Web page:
Nikon D700 + Nikkor 70-200mm f/2.8 @ 120 mm — 1/250 sec, f/2.8, ISO 2800 — map & image data — nearby photos
Kyoto resident Nils Ferry is a popular guy... in fact, he's married about 2,700 women. Only one is actually his wife, with the rest marrying other guys in ceremonies that he's “officiated” as a “minister” over the years.
Most Japanese weddings are complex affairs, usually involving three steps: 1) a visit to a temple or shrine, with only the most immediate family involved, followed by 2) a short ceremony in a fake wedding chapel, followed by 3) a big reception with lots of guests, speeches, and alcohol.
A large hotel usually handles steps #2 and #3, and offer the couple an endless array of packages and options. Besides the standard items familiar to westerners (e.g. how many guests, what kind of food), the couple picks a ceremony. Western or Japanese? American or European? Gospel or Bach? Trumpet or Violin? Couple enter together or bride given away by father? Etc., etc.
Nikon D700 + Nikkor 70-200mm f/2.8 @ 102 mm — 1/250 sec, f/2.8, ISO 5000 — map & image data — nearby photos
The “Western” option generally provides for a Christian-esque ceremony, and Nils' job is to play the part of the minister. Much taller than me (and I'm 6'4"), he cuts an imposing figure decked out in his robe, but adopts the gracious and warmhearted impression of a Man of the Cloth. (In real life he is gracious and warmhearted, so it's not a difficult task.) In his script he recites from the Bible in both Japanese and English, generally imploring and extolling the power of love to unite the couple through eternity. It's a mini version of a real Christian wedding, with all the touch points like a grand entrance to Here comes the Bride, an exchange of vows, rings, and a “you may kiss the bride”. Twenty minutes from start to finish.
I sometimes use the word “fake” to describe this ceremony, but that's unfair. Much of Japanese culture was originally rooted in religion, but over time has become simply culture for most, in the same way non-Christians in The West might still exchange presents on December 25th. This kind of “fake” Christian wedding ceremony is a modern invention in Japan, but cut from the same “religion as culture” cloth.
That being said, today's ceremony really was fake, because it was a demonstration for prospective couples considering having their wedding at the Westin Miyako, widely regarded as the premier hotel in Kyoto. The bride and groom were hotel staff wrangled to play the part, while others (Nils as the minister, an organist, a singer, and a trumpet player) were from an agency that has a contract with the hotel.
Today was the last day of a long five-day weekend, and Nils was busy every day saying weddings (sometimes 10 a day!). Indeed, he had some this morning, but this afternoon was the demonstration, which are held periodically. Sometimes there are 30 couples in attendance, and sometimes only a few. Today was only a few...
Nikon D700 + 14-24mm f/2.8 @ 19 mm — 1/250 sec, f/2.8, ISO 2500 — map & image data — nearby photos
on the last day of a five-day weekend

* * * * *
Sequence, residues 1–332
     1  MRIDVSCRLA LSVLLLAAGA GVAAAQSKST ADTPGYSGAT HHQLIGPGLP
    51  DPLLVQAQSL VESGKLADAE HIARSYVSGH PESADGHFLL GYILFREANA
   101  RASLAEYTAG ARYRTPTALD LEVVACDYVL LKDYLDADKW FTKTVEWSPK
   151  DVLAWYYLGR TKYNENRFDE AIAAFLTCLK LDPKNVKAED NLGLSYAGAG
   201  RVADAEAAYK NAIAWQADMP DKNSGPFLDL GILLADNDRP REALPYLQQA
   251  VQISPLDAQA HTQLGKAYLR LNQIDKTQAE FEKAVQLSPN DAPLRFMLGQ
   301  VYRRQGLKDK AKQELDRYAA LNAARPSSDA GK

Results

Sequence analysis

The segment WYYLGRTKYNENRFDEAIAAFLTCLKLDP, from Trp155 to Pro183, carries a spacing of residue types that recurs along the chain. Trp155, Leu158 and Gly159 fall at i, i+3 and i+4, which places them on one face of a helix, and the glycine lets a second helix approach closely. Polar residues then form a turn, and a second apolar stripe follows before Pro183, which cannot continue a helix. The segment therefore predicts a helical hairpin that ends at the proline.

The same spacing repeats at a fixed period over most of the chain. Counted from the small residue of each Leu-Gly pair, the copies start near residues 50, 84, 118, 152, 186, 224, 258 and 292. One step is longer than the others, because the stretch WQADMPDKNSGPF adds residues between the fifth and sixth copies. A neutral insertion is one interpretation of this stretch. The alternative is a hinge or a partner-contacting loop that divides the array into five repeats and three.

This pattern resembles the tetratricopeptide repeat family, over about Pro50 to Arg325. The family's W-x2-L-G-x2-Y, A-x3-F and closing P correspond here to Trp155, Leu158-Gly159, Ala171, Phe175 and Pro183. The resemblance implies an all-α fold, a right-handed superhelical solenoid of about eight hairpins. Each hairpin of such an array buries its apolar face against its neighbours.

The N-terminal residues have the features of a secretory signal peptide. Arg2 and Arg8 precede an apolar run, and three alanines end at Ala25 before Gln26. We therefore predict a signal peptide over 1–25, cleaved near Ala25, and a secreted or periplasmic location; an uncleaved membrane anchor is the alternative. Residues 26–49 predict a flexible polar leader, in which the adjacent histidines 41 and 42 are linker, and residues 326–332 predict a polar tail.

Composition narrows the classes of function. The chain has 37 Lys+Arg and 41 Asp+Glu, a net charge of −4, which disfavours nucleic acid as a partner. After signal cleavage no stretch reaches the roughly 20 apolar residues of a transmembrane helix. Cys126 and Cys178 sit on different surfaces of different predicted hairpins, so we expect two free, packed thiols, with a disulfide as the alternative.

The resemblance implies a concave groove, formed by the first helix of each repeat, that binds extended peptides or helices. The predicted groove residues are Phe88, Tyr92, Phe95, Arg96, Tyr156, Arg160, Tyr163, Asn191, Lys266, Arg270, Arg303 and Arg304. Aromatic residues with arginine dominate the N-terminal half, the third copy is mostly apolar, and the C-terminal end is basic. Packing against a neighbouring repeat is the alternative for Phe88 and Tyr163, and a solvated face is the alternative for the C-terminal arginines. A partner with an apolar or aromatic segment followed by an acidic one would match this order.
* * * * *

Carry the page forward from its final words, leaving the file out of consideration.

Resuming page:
I visit with Nils every so often, to let our kids play together or to go on a photo hunt in some corner of Kyoto or another (most recently a couple of weeks ago to Rengeji Temple), but today was the first I've been able to accept his invitation to see him at work.
Some more scenes of Nils at work...
Nikon D700 + Nikkor 70-200mm f/2.8 @ 140 mm — 1/250 sec, f/2.8, ISO 3600 — map & image data — nearby photos
Nikon D700 + Nikkor 70-200mm f/2.8 @ 80 mm — 1/250 sec, f/2.8, ISO 1400 — map & image data — nearby photos
Nikon D700 + Nikkor 70-200mm f/2.8 @ 200 mm — 1/100 sec, f/3.2, ISO 6400 — map & image data — nearby photos
Nikon D700 + Nikkor 70-200mm f/2.8 @ 70 mm — 1/250 sec, f/3.2, ISO 5600 — map & image data — nearby photos
Nikon D700 + Nikkor 70-200mm f/2.8 @ 110 mm — 1/250 sec, f/4, ISO 1100 — map & image data — nearby photos
The lady throwing the rose pedals is a singer belonging to the same agency as Nils. She sang Ave Maria and was simply stunning. It brought me back to my own wedding 11+ years ago (also in Kyoto, but at a real Catholic church) because we also had Ave Maria sung.
I was a real cheapskate back then, and deeply regret that I didn't spring for a photographer for my own wedding. What I'd give now to have a photo like the above from my own wedding. 🙁
As the happy couple left on their 1-minute honeymoon (presumably all the way to the employee entrance of the hotel), other hotel staff accompanied the engaged couples on the rest of the hotel tour, and Nils stayed behind, regal as always, until they were out of sight...
Nikon D700 + Nikkor 70-200mm f/2.8 @ 90 mm — 1/250 sec, f/5.6, ISO 6400 — map & image data — nearby photos
When I first moved to Kyoto in 2004, Nils was the premier Kyoto photo-blogger. However, an eventual byproduct of the first woman he married (his wife) resulted in him becoming a daddy, and with that, his blogging output declined considerably. Greg will start first grade next year, and so perhaps Nils will have time to get back into photo-blogging Kyoto.